7. But Sorkin realllllly didn't want to cast Lowe. "While it was all right with me that the president was being played by a movie star, I thought having one play Sam would throw the balance of the cast out of whack," he told The Hollywood Reporter in 2014 of his desired ensemble cast. "And then he read the first of three scenes he'd prepared. I don't remember the second or the third because he'd already gotten the part a page into the first, and I was thinking of stories for a character who has no idea he looks like Rob Lowe. 'Pay him whatever he wants,' I said."

8. We also almost saw CCH Pounder (who eventually guested as HUD Secretary Deborah O'Leary) embodying press secretary turned chief of staff C.J. Cregg, Eugene Levy as Communications Director Toby Ziegler and legendary Oscar winner Sidney Poitier as Bartlet. "We couldn't get that deal started," Sorkin explained, "it was just too rich for our blood."

9. And, at the time, it wasn't the lead role we know it as now. "When I started it was just a peripheral character—the focus was to be on the staff, not the First Family," Sheen explained to Empire about signing on for "maybe three or four episodes every season." Then they shot the final scene of the pilot that saw the commander in chief simply demolish his adversaries with one speech and an instruction to get their "fat asses" out of his White House.

"Aaron's whole thing was that he didn't want the pomposity of the presidency. He didn't want everybody to do exactly what, in the final scene, everyone does, which is stand still and be respectful and just listen to what the President has to say," director and executive producer Thomas Schlamme noted. "But once we cast Martin and we realized Martin's incredible accessibility, nothing felt pompous or aloof. If the show is about all the planets, let's end it with the sun." Plus, as Well shared with The Hollywood Reporter, "Martin was the highest-testing character in the pilot, by far. The network said, 'We probably want to have more of him.'"

10. Just out of view in that scene: Richard Schiff (Ziegler) trying desperately to maintain his composure. "That was one of the last scenes we shot and it was the first time I had met Martin," he explained. "When I first saw him coming to rehearsal for his entrance, both of his cheeks were like a chipmunk: full of food and greasy. He had a piece of chicken in his hand and he was chewing. He just cracked me up laughing. Then he does his big entrance, 'I am the Lord your God!' and I could still see the grease the make-up people didn't get off his face! I was just gone. 

During each take, when the camera panned off him, he'd run two sets over and attempt to tamper down his giggles. "That was my first day of working with Martin," he reflected, "and I don't think there was a day in the next seven years that I didn't enjoy as much as that with him."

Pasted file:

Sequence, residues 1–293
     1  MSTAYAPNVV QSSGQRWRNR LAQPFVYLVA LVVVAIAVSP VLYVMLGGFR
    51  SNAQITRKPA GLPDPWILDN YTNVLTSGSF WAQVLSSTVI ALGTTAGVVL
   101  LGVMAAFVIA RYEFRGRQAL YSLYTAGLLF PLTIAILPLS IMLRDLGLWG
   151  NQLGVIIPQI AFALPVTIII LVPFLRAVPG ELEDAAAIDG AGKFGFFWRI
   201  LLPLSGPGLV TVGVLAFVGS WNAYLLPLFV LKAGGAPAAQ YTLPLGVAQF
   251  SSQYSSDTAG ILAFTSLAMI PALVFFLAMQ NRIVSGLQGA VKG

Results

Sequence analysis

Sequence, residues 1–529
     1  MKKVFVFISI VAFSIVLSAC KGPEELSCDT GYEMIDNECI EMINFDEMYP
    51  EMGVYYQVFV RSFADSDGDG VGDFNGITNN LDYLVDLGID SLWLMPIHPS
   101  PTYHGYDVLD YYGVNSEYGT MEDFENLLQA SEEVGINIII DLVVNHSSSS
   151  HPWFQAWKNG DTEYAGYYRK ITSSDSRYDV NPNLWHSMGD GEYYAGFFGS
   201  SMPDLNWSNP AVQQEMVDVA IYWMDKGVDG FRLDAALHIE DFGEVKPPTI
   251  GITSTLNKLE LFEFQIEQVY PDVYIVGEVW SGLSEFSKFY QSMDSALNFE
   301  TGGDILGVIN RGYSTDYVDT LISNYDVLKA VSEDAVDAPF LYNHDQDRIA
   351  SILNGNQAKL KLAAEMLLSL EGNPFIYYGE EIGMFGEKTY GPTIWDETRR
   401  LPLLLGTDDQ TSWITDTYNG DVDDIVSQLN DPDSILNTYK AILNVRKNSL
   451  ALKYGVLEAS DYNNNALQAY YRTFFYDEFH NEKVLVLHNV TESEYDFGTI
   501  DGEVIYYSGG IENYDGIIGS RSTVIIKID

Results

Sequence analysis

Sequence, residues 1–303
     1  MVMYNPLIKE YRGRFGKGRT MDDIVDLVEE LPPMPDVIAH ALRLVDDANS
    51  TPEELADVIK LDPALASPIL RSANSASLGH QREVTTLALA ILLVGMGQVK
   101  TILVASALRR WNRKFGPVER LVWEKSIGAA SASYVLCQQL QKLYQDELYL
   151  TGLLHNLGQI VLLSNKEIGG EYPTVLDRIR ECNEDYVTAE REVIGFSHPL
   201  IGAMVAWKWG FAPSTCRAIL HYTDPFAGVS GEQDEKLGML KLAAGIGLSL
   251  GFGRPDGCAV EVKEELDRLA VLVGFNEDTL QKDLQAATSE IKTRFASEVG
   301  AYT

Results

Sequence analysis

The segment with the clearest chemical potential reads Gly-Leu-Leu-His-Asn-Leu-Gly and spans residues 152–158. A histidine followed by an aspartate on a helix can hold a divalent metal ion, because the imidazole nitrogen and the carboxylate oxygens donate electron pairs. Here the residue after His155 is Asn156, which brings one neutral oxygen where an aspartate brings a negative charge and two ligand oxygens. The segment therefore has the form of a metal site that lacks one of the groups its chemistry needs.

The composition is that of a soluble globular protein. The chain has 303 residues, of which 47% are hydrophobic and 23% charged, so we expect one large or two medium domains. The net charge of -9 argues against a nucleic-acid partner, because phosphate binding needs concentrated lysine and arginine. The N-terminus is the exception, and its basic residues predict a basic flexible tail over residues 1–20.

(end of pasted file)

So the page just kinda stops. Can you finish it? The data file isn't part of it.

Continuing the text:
11. And Schiff wasn't the only cast member often plagued with a case of the giggles. "The worst offenders were Richard and Allison," Sorkin told THR. "If they had a scene together they'd be serious geniuses for three takes and then they'd lose it. It got to the point that where we were doing single coverage, we'd have to move one of them out of the room. Many of the best moments of Toby talking to C.J. are Toby talking to the Script Supervisor."

12. With the opportunity to renegotiate his contract once it was clear he was going to be a regular, Sheen made two demands. "That they make Bartlet a Catholic—because I wanted him to form all of his opinions from a moral frame of reference and as a Catholic myself, that's the way I framed all of my actions," Sheen told Empire. "And I also asked that he be a graduate of the University of Notre Dame. Aaron agreed to both of them and they became a staple of the character."

13. His character's multiple sclerosis diagnosis was as surprising to him as it was to the voters that put Barlet in office. At a 2016 ATX Television Festival panel, Sorkin revealed that the major plot point came about simply because he wanted to do an episode about the president taking a sick day and he needed a situation severe enough to bring the First Lady, Dr. Abigail Barlet, rushing back to his bedside. "Whatever he's got, whether it's the cold or the flu, should also exhibit signs of something else that Abbey is worried about," Sorkin explained. Not long after he made his choice did he realize how deep he was in. Days later, at a TCA presentation, he recalled, "All kinds of hands went up and said, 'Aaron, where are you going with the whole MS storyline? What's going to happen now?'"